ACTU calls for ‘survival increase’ in wages of 7 per cent

Sally McManus and the ACTU are pushing for a larger pay increase in women-dominated industries.

Sally McManus and the ACTU are pushing for a larger pay increase in women-dominated industries. Photo: AAP

Australian unions are pushing for a “survival increase” in the minimum wage as inflation and the cost of living crush the lowest-paid workers.

The Australian Council of Trade Unions wants a 7 per cent boost to incomes which it says is “essential”.

This would equate to raising the national minimum wage by $1.50 an hour to keep pace with inflation — taking their annual pay to $45,337.28.

The ACTU has made a formal submission to the Fair Work Commission’s annual minimum wage review ahead of its decision in June.

ACTU Secretary Sally McManus said low-paid workers had suffered the most under rising inflation.

“A 7 per cent pay increase is essential for minimum and award wage workers, who have suffered real wage cuts over the past two years,” Ms McManus said on Thursday.

“This increase is vital to help working people keep their heads above water.”

Ms McManus said it was “simply about survival”.

“There are real people behind the statistics of Australia’s cost-of-living crisis — the workers we rely on to deliver vital services in early learning, aged care, disability care, fast food, cleaners, security, and retail.

“People are skipping meals, avoiding medical care and dreading their next bill.

“Rents have skyrocketed along with the cost of essentials such as groceries, clothing, fuel, and childcare.”

On Wednesday, the Albanese government gave its strongest indication yet it would back another big lift in wages.

Employment Minister Tony Burke said “our values haven’t changed” as the federal government prepared its annual submission to the Fair Work Commission due on Friday.

“The thing that we must work our way through is there are some members of the workforce who have the least room to move with what’s been happening with inflation, and certainly the full award system goes all the way up to some people who are on significantly higher wages,” Mr Burke told ABC radio.

Union bosses push for pay rise level with inflation

The wages push comes as new figures on Wednesday showed inflation eased back for the second month in a row.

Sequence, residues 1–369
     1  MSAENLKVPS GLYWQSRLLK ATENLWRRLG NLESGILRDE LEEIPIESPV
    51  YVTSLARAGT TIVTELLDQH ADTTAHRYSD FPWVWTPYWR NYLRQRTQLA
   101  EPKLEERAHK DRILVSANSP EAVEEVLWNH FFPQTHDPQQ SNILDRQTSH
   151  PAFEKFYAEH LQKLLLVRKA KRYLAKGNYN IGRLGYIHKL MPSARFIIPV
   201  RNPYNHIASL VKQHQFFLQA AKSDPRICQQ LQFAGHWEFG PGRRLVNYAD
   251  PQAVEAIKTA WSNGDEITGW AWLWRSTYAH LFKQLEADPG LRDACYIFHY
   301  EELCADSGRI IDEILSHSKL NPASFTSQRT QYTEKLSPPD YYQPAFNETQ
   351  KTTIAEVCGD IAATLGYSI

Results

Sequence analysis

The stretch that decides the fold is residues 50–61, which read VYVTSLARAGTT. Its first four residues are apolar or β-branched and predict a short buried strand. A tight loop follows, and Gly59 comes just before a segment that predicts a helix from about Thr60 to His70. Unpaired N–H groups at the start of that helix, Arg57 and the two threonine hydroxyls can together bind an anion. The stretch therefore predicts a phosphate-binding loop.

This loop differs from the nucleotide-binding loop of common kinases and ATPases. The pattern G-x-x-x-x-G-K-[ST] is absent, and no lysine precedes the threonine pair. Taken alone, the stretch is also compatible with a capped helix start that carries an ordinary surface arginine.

Consumer prices lifted 6.8 per cent in the 12 months to February, sinking from 7.4 per cent annual growth in January.

The news bolstered the case for an interest rate pause when the Reserve Bank board meets next week.

Treasurer Jim Chalmers welcomed “a number with a six in front of it” but said inflation remained unacceptably high and well above the RBA’s target range of 2-3 per cent.

“It’s more evidence that inflation peaked at the end of last year and it’s moderating this year, but it will be higher than we’d like for longer than we’d like,” he told parliament on Wednesday.

The ACTU argues that because businesses posted strong and in some cases record profits in the most recent reporting period, the proposed wage increase is more than affordable.

Minimum and award wage increases had no discernible impact on inflation last year, it added, noting that the biggest risk to the economy was a collapse in consumer spending power.

“There is now general acceptance of what the ACTU has been saying for a year,” Ms McManus said.

“There is no wage-price spiral in Australia.

“Instead, companies have been posting huge profits, driving inflation through excessive price rises.”

In its 2022 decision, the Fair Work Commission raised the minimum wage by 5.2 per cent, equating to $21.38 an hour.

This was after the ACTU argued for a 5.5 per cent increase and the Australian Chamber of Commerce and Industry, Australian Industry Group and other employer bodies proposed an increase between 2.5 per cent and three per cent.

Submissions to the commission national minimum wage review close on Friday.

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